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The Reception of the Venetian Ambassadors in Damascus, 1511 [Oil on canvas; 46 1/2 x 80 in. (118 x 203 cm)], Musée du Louvre, Paris
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NEW YORK - Those who see the Christian and Islamic worlds as implacable foes, always destined to be at loggerheads, like to use the phrase “clash of civilizations” to describe the struggle. But a breathtaking new exhibit at the Metropolitan Museum of Art here shows that for several hundred years during the Middle Ages, a Christian city and the Muslim lands of the Middle East not only tolerated each other, they profited handsomely from their relationship.


For Venice and the Islamic world, it was the cash of civilizations.


With almost 200 objects from more than 60 public and private collections, “Venice and the Islamic World, 828-1797” documents the many ways in which the East and the West enriched each other’s cultures, with Venice serving as the middleman. Against the backdrop of wars in two Muslim countries - Iraq and Afghanistan - and a diplomatic confrontation with a third, Iran - the exhibit seems timely, despite the fact that the period covered by the show ends 210 years ago with Napoleon’s conquest of Venice.


By then, the city-state’s glory days were long over, but for centuries, its perch off the northeastern coast of Italy made it an ideal entrepot between the flourishing Islamic empires to the east and the struggling young societies taking shape in Western Europe.


In fact, said exhibit curator Stefano Carboni, the city of canals was often described as the “liquid frontier” between East and West.


With no natural resources of its own, Venice depended on trade for its prosperity, but the city’s first famous encounter with the Islamic world involved outright theft. In 828, two Venetian merchants smuggled the bones that were said to be the remains of St. Mark, the author of one of the Gospels, out of Alexandria, Egypt, by hiding the saint’s relics under layers of pork. The merchants knew that Muslims considered pork haram, or prohibited, so the local officials would not inspect the cargo closely.


St. Mark became Venice’s patron saint, and the saint’s symbol - a winged lion - became a common decorative motif that still adorns columns, doorways, and walls in the city.


Despite that shifty start, the city’s commercial dealings with the Muslim world were usually more straightforward. A large 1511 painting by an anonymous Venetian shows a diplomatic delegation from the city presenting themselves to the extravagantly turbaned ruler of the Mamluk empire in Damascus. Amid the exotic costumes of the Syrians, the Venetians are somberly clad in black.


As Venice’s trading empire developed, raw materials such as timber, metal, grain, and fur from Europe passed through the city on their way East, in return for luxury goods from Syria, Egypt, Turkey and beyond. Although the average Venetian could not read Arabic, fabrics embroidered with Arabic inscriptions became highly fashionable, and some of the most elaborate vestments worn by Venetian priests were imported from Muslim lands. Venice became known as the most un-European city in Europe.


One of the most impressive objects on display is a 16th century carpet, probably made in Egypt, that measures nearly 32 feet long and more than 12 feet wide. Covering most of the floor space in one gallery, the carpet belonged to a religious guild, but Carboni, the head of the museum’s Islamic art department, explained that the carpet was too valuable to be used as a floor covering. Wear markings suggest it covered a vast table at the guild.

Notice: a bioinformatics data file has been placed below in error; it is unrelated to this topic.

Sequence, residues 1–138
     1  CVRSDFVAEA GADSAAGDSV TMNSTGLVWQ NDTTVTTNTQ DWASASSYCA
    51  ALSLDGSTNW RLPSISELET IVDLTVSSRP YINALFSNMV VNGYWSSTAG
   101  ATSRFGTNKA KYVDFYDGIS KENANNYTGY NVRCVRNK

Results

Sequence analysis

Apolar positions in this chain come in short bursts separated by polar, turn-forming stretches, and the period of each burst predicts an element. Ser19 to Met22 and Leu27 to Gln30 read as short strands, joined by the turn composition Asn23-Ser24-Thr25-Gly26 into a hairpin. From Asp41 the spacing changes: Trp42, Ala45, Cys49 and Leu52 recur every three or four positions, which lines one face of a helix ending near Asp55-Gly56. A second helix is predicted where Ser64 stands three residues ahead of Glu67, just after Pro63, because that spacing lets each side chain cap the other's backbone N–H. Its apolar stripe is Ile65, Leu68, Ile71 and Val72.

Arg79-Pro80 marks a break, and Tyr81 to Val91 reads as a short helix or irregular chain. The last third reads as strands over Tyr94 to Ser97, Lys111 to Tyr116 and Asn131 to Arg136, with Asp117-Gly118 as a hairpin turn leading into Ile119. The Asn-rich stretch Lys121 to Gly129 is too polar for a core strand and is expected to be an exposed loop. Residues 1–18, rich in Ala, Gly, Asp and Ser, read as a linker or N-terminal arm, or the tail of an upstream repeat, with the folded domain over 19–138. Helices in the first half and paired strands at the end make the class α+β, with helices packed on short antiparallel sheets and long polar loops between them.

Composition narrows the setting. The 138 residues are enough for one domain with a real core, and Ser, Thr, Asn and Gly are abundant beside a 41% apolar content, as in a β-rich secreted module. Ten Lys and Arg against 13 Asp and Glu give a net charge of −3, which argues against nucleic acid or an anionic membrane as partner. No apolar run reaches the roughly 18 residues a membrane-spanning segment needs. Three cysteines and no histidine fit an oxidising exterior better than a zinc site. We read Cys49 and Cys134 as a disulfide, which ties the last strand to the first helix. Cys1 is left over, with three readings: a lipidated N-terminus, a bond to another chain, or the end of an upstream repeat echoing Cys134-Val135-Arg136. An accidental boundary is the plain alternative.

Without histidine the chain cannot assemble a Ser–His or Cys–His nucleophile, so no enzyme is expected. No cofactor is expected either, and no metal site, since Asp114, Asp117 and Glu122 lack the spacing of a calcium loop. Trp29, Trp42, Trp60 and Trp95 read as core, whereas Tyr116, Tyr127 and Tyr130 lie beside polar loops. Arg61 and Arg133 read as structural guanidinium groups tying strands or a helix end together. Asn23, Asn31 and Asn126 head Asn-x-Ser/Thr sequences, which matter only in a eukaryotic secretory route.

The Venetians were content to import carpets and never developed their own rug-making industry, the curator said. But that was not true of other arts and crafts, as “Venice and the Islamic World” makes clear.


Among the most delicate items in the exhibit are two thin glass beakers covered with distinctly Arabic enamel patterns. Made in about 1260 in Syria, the beakers represent the sophistication that Arabic glassmakers achieved during the Middle Ages.


Next to them are two other beakers, strikingly similar in shape and decoration. But these were made in Venice, probably a few decades after the Syrian examples. As the Syrian glassworks declined, the Venetians took over the business. The Venetian island of Murano became the center of their glass industry, where it remains today.


Whether it was inlaid metalwork from Cairo, lacquerware from Persia, or Greek and Latin philosophical texts that Muslim scholars had translated into Arabic, the pattern was repeated in other fields.


“No matter what the art form or craft, the influence of the Islamic world on Venice is clear,” said Carboni, a native Venetian.


Venetian merchants did their best to remain middlemen during the Crusades, supporting the Christian forces but maintaining trade ties with Muslim rulers.


From its height of wealth and influence in the 15th and 16th centuries, the city started to decline as Portuguese and Dutch sailors opened up trade routes with Asia by sailing around Africa. Just as important, the city’s former trading partner to the east - the Turkish Ottoman Empire - started an often-brutal campaign to conquer the city’s trading outposts in the eastern Mediterranean.


With that change in fortunes, the Venetian image of Muslims changed dramatically. In the final gallery of “Venice and the Islamic World,” a stunning decoration from the stern of a 17th century Venetian warship says it all. The 12-foot carving shows a bare-chested Muslim in chains.


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(Stevenson Swanson is a national correspondent in the Tribune’s New York bureau.)

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